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Osteoporosis is a condition that affects many of us. It gradually becomes more common as we age but can also occur in those who are younger with osteoporosis-associated conditions. But what can we do about it?

Firstly lets look at what osteoporosis is.

Osteoporosis is a condition that develops slowly over several years. It causes a weakening of bones and therefore an increased risk of fractures. Osteopenia is a decrease in bone mineral density that is not yet bad enough to be categorised as osteoporosis.

So what causes osteoporosis?

Although a loss of bone mineral density is common throughout life, one of the main factors that speeds this up is menopause. Unfortunately this means that women are more likely to develop osteoporosis than men.

Other common causes and disorders linked to osteoporosis are:

  • Long term use of oral corticosteroids
  • A low body mass index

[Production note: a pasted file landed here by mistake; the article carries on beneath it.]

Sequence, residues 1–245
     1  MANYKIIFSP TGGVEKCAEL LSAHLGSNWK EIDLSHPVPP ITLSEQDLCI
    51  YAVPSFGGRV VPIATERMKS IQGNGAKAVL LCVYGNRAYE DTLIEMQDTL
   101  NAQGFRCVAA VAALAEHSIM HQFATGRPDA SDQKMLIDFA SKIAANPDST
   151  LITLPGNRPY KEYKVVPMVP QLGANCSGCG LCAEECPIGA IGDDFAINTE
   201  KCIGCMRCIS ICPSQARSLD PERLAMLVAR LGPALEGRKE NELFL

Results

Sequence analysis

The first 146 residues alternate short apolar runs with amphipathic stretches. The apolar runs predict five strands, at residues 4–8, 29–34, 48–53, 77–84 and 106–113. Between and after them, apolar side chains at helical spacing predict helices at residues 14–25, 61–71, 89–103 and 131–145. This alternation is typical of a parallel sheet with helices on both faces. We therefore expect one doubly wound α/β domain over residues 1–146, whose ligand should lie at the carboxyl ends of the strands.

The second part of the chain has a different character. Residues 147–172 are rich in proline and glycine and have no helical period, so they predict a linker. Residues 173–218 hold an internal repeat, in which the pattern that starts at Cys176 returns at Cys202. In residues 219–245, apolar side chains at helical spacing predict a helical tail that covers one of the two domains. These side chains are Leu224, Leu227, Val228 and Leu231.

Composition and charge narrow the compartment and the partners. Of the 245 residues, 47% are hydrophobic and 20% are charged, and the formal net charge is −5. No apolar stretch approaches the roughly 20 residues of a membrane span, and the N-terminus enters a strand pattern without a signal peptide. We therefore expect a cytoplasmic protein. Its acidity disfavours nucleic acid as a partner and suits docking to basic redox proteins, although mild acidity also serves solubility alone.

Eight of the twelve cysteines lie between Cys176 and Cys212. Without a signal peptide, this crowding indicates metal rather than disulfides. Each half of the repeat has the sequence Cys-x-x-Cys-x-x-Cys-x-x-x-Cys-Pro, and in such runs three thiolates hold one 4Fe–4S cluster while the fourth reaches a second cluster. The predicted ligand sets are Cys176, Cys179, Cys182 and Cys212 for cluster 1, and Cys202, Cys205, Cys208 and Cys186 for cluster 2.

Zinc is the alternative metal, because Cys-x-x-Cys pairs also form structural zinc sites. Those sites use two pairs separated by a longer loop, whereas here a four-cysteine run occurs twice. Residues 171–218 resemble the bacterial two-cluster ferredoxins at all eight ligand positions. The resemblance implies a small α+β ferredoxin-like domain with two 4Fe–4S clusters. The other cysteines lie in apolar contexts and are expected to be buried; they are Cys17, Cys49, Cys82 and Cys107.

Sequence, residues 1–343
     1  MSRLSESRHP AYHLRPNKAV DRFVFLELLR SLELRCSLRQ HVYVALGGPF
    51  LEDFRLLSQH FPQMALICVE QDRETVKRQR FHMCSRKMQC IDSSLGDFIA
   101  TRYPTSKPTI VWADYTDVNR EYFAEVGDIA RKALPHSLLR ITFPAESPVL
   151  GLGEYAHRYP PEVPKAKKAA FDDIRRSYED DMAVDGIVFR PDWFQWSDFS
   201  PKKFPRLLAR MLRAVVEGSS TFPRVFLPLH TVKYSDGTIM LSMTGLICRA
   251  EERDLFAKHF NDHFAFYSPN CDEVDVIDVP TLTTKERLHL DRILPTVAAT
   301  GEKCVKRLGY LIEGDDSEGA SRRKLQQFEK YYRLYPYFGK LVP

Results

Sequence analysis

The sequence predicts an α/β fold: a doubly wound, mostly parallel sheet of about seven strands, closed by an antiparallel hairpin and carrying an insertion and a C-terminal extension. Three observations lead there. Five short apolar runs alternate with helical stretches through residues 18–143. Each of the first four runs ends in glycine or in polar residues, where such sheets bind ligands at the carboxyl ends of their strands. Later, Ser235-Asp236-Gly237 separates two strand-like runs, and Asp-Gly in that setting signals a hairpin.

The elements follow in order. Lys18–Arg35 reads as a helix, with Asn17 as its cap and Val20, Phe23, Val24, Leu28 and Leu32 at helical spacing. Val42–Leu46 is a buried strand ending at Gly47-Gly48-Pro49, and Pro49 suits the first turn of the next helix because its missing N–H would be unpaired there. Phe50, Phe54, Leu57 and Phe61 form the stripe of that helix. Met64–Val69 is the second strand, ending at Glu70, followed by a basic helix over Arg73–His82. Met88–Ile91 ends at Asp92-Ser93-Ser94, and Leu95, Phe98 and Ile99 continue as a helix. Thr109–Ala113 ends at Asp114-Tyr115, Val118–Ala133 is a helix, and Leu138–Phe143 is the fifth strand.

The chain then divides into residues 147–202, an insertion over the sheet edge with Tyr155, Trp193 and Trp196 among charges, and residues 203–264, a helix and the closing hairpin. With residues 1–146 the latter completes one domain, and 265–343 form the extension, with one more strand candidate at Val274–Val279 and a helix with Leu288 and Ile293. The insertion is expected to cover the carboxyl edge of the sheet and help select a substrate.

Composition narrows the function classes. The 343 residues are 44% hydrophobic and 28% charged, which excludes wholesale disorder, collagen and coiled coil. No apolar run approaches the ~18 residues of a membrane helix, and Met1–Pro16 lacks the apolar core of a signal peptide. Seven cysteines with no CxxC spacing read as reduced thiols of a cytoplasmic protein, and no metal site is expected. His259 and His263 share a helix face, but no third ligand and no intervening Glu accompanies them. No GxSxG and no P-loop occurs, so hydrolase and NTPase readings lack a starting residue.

• Heavy drinking/smoking
  • Genetics
  • Celiac Disease
  • Parathyroid conditions

So how is osteoporosis diagnosed?

A DEXA scan measures bone mineral density. Your results will then be measured against those of a healthy young adult and against someone of your own age. The deviation between the two will generate what is known as a T score.

Your T score results can be assessed as follows:

  • above -1 is normal
  • between -1 and -2.5 is defined as a decreased bone mineral density compared with peak bone mass
  • below -2.5 is defined as osteoporosis

So how is osteoporosis treated?

Many factors have been found to help those with osteoporosis:

  • Exercise
  • Vitamin D supplements
  • Stopping smoking and reducing alcohol intake
  • Eating foods rich in calcium and vitamin D.

To read further about exercises that benefit those with osteoporosis, please go to the pinnacle posture blog located here:

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